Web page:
I listened with great interest to Deputy Noonan. I am sorry he is no longer present in the House as I would like to take up some of the points he made in his thought-provoking contribution. When we consider the global scale, I accept that there are questions which can be asked and that there is a degree of uncertainty. However, Deputy Noonan turned that around and considered specific instances in Ireland, and he spoke about income tax in particular. I thought his position was slightly disingenuous in regard to some of the figures used. He gave the accurate number of people on the standard and top tax rates. However, to be fair, this Finance Bill takes almost 40,000 people out of the tax net. Every time we take people out of that net, it reflects on the percentages in the other bands and one cannot disregard that. If one could, the incentive to take people out of the net would not exist but we have taken out a sizeable number. This budget change alone has taken approximately 40,000 people out of the tax net. It is disingenuous not to take that into account when considering earners and workers, of whom there are approximately 1.8 million in the country — a very real figure. It is a pity Deputy Noonan ignored that point.

In general terms, over recent years the policies adopted by the Minister for Finance have seen this economy thrive as a low tax economy, a situation which stands today. It is low in regard to income tax, capital gains tax and corporation tax. An earlier contribution to this debate pointed to the consequences of raising tax rates. There is misunderstanding in this regard. If one considers recent years, as the rate has dropped in regard to capital gains and corporation taxes, the yield has increased — an important point. While it was asked whether we could still do X, Y or Z if we lowered the rate, yields have increased consistently as rates have dropped, and those yields have funded a variety of projects, including infrastructure development. When people talk about corporation tax rates being too low, they need to consider the yield. While a point made often in the House is that we should increase rates, rates have dropped significantly yet activity and yields have significantly increased.

I wish to consider aspects of the Bill which are particularly interesting to me and the area I represent. One is in regard to section 26 which refers to urban renewal schemes. A general comment made in regard to the schemes is that the wealthy benefit from them. This is simply not the case. For example, Rowlagh, which comes under this scheme and is in my area of Clondalkin, had seen no development or investment. That development and investment was driven by this scheme although the local authority had earlier tried to encourage development and struggled. The point I wish to make is that it was not a particularly large company or a multinational which came in and made the investment, but a person who was running a local business and who took the sites on and entered the development process.

There is a misunderstanding regarding the change made in the budget in that it does not allow new entrants but instead extends the period that those who have entered this scheme have to complete their projects. To qualify, one must already have expended at least 15% of the project funds before a particular date which has now expired. The extension applies to the completion time but does not allow new entrants. It was right and proper that the Minister made this change because people have already committed their funding to these projects. If the projects are to be delivered in a proper manner and properly developed, the scheme needs this extended time period.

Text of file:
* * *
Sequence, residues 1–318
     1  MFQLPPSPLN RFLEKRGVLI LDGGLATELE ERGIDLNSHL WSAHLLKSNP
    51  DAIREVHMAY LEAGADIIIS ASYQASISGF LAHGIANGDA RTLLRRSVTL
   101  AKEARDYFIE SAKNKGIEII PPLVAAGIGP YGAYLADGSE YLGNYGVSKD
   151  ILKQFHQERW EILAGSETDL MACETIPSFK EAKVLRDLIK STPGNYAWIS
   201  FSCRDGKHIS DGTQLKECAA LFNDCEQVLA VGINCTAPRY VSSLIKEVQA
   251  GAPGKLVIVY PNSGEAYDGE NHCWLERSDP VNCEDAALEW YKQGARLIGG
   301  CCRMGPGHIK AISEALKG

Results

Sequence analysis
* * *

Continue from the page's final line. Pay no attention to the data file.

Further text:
People may say that such projects have had enough time. I was a member of a local authority and saw the difficulties regarding such sites in that they were not attractive and were in various areas with all sorts of problems, including derelict sites prone to anti-social behaviour and illegal encampments. Significant problems were overcome to make these sites available and to bring them to a stage from which they could apply for planning and subsequently be tendered, or whatever the case may be. It was a big job for the local authorities. Since this change was made in regard to the schemes in my local authority area, the local authority staff who worked for a significant amount of time trying to progress this are delighted that the projects in which they invested so much time and effort have a realistic chance of being properly completed. This applies not just to the county manager but to the various people in the development department.

With regard to the status of developments, there are community linkage funds which come from them. It is not just wealthy developers who benefit from this and it is inaccurate for that view to be constantly put forward in this House. By and large, these sites have delivered to communities. They have transformed areas which were derelict and neglected, and have given the people of those areas real hope and opportunities. Moreover, the linkage fund is going into other projects in those areas. It is disingenuous to say that this constantly benefits wealthy developers; it does not. In fact, most of the schemes I have encountered in the South Dublin County Council area do anything but that. They have been developed by people who are part of the community and who have availed of opportunities. In many instances, there were not many other takers.